All I needed to learn about anti-bullying, I learned when my daughter went to kindergarten.
My schooling began with a phone call from her teacher, "Ms. Una, I'm calling to let you know that Zuna had an encounter with Korax today."
I respond, "Oh dear. Is she okay?"
He responds, "Well, yes, she's not hurt. In fact, she's more than okay. Can I tell you what she did?"
Apparently, Korax, the class bully, had finally gotten around to Zuna. It's a Montessori classroom and quite often the children work sitting on mats on the floor. Zuna was sitting on the floor when Korax came over and stomped on her leg.
In response, Zuna looked him in the eye and demanded to know, "Why did you do that?!" She wouldn't let him walk away without answering her question. The high energy conversation caught the attention of the teacher and they were taken to a room for reconciliation.
In the room, Zuna told the teacher what had happened and said that she wanted to know why Korax had stomped on her. She wouldn't allow the conversation to continue until he answered. Finally, Korax said, "I didn't like the way you spoke to me before. It was bossy."
Zuna replied, "So, why didn't you just tell me you didn't like it?"
Korax pouted with arms crossed and furrowed brows for a bit. Zuna pressed the question over and over until he mumbled, chin to chest, eyes toward the floor, "because I didn't think you would listen to me."
Zuna reached out, gently rested her hand on his shoulder, looked him in the eye and said, "I promise that if you have something to say, I'll listen, if you promise not to hurt me."
Silence. But she kept her hand gently resting on his shoulder. Until he looked up and said, "Okay, I promise. I didn't like that bossy way you talked to me."
Zuna replied, "Ok."
Then she said, "Korax, I don't think you want to be so mean. I don't think you're mad. I think you're sad." And she gave him a big hug. She held him until he hugged back.
Though Korax continued to struggle with his bullying tendencies, he and Zuna were great friends after that. He never hurt her again. Even after he left the school, he continued to come to her birthday parties and it was like a grand reunion.
The teacher said he had never seen anything like it.
I learned a few things from Zuna back then. (She's 11 now.)
Zuna had had months to observe how Korax had been with everyone. At age 6, he was already a master of covert intimidation, as well as physical violence. It's her nature to sit back and take it all in. So, she had watched how others responded. I don't know that any of her response was consciously thought of ahead of time, or just an intuitive ability to find a different way to handle things.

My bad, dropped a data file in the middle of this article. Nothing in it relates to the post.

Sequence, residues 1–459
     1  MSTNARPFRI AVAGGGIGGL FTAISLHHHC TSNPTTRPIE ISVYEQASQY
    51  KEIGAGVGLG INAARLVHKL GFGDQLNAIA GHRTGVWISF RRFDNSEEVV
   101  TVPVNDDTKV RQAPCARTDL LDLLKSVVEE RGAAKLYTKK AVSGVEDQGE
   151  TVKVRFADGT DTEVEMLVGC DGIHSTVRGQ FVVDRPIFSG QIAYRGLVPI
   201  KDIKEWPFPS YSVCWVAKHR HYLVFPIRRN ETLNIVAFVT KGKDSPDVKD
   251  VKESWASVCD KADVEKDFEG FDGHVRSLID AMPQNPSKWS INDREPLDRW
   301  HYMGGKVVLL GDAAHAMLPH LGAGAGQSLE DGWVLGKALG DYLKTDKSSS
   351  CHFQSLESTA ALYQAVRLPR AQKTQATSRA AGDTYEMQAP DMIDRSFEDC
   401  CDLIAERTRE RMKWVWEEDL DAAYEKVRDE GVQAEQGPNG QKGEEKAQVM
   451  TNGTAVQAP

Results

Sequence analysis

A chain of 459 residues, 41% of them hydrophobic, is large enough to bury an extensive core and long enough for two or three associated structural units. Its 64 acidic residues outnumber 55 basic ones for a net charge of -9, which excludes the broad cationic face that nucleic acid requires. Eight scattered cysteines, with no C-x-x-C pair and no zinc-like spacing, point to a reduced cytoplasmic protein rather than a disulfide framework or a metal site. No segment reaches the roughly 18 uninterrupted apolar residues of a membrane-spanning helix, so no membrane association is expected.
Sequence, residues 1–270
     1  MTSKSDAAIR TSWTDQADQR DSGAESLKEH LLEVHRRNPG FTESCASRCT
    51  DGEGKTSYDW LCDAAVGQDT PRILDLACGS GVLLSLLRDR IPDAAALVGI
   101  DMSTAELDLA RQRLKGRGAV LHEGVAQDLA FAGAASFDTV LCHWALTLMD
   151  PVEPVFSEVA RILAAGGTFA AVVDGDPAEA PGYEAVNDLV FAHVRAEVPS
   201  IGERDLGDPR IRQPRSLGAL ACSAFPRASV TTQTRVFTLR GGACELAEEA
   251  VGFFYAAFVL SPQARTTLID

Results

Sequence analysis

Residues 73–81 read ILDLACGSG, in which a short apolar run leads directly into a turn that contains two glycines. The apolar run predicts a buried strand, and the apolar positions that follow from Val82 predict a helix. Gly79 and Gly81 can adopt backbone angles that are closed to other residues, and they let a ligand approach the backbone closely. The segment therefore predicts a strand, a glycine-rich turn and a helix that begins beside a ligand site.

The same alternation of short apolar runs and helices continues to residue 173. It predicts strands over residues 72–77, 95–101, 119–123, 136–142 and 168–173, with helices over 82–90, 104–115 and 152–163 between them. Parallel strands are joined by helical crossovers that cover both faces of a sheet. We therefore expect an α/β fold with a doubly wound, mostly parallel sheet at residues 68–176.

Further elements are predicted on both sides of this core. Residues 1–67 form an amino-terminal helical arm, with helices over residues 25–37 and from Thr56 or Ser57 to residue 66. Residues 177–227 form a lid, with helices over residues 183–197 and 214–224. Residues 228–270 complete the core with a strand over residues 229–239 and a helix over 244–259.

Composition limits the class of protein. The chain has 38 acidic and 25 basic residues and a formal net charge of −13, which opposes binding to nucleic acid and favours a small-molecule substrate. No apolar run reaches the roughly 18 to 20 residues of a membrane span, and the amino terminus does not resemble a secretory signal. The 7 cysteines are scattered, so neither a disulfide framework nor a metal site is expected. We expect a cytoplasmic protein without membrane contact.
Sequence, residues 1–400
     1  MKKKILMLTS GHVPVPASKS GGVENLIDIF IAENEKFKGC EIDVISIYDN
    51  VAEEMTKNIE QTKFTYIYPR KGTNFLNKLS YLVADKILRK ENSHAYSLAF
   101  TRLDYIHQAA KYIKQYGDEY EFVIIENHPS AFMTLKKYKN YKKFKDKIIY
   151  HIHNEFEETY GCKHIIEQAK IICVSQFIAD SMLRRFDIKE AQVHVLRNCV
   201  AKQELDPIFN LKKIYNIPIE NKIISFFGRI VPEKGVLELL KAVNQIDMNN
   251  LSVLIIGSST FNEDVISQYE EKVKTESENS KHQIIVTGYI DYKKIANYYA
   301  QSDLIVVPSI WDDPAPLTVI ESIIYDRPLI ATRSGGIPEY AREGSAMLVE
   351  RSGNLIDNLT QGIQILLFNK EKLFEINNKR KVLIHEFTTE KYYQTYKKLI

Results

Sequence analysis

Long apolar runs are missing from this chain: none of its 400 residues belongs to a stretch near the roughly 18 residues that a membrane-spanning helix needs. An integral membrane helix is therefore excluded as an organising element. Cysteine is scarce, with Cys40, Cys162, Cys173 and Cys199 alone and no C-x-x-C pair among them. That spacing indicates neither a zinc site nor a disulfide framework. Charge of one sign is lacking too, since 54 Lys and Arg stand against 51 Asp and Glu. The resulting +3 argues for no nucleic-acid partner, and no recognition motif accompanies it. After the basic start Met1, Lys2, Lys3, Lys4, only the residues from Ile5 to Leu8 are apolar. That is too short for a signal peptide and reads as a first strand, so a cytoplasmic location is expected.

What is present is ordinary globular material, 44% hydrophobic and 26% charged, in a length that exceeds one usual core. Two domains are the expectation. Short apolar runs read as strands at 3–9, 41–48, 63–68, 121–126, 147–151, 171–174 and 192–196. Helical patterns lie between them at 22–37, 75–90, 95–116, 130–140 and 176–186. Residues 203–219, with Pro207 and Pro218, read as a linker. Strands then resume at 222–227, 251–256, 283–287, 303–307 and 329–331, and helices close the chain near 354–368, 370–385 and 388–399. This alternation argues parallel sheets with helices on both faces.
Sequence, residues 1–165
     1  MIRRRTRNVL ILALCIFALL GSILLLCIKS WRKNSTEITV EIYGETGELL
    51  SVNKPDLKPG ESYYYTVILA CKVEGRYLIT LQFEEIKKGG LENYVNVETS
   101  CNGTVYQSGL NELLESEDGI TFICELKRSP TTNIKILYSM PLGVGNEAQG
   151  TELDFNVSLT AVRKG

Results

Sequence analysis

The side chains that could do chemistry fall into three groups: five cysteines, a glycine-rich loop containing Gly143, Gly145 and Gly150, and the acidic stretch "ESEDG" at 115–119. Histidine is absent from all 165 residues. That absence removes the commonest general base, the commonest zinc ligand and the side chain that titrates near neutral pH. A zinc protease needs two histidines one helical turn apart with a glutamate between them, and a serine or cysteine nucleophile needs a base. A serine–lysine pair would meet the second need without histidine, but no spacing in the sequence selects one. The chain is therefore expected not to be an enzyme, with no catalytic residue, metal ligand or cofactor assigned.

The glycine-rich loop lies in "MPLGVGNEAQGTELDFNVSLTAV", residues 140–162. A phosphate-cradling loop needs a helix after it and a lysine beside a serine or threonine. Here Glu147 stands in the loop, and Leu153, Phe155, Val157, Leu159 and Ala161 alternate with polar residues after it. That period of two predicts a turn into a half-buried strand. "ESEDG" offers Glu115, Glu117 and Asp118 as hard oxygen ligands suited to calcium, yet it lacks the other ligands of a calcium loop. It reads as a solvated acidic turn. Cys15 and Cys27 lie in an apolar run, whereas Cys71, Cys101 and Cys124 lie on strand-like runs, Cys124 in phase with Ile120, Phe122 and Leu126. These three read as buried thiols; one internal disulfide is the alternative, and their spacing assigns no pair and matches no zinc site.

Here are what I see as the keys to what transformed her relationship from potentially bully/victim to friendship:
1. She never behaved like a victim. The teacher noted that she never whined about her leg or spoke in a tone of fear. Instead she made it clear her feelings were hurt while simultaneously asserting that she deserved an explanation.
2. She never demanded that he apologize. Her demand for an explanation was for the purpose of finding a new way to be together, not to shame him into an apology.
3. She never got angry with him. She was indignant, but not behind a wall of anger.
4. She seemed to know that he wasn't just evil. That, in his mind, he had some reason for his behavior. He feared something.
5. She listened when he answered her question.
6. She didn't try to tell him he why he shouldn't have felt the way he did. She never corrected him.
7. She offered him something to allay his concerns, an alternative path to follow together.
8. She never gave up on him. She reached out for the boy behind the bully and the boy reached back.
Something that struck me about the way she approached this was that far from feeling that she was the victim, she actually saw him as the broken one. She knew that something must be wrong for him to be behaving this way. (What she couldn't have known at the time is that his father was an active alcoholic and his was not a happy home.) Far from demanding something from him - an apology or a promise to stay away, for instance - she offered him something first. "I promise I'll listen...." After she had secured a sense of trust, she then offered her insight into what was going on with him, "I don't think you're mad. I think you're sad." And she didn't expect him to affirm that. They didn't have to talk more about it. She didn't expect it to change. She just kind of let him know what she saw and that she could be there with that.
Zuna has this way about her. She sees past bad behaviors. She doesn't ignore them, trust me! As her mom, I very aware of my character flaws, yet she conveys her observations in such a way that I feel loved even as she's critiquing me. I never get the sense that she's judging or would stop caring. She never stops seeing that there is an entire person who is more than the current bad behavior.
So much that I know about compassionate, fiercely assertive, non-violent conflict resolution, I learn from her.
I offer some of her teachings to you.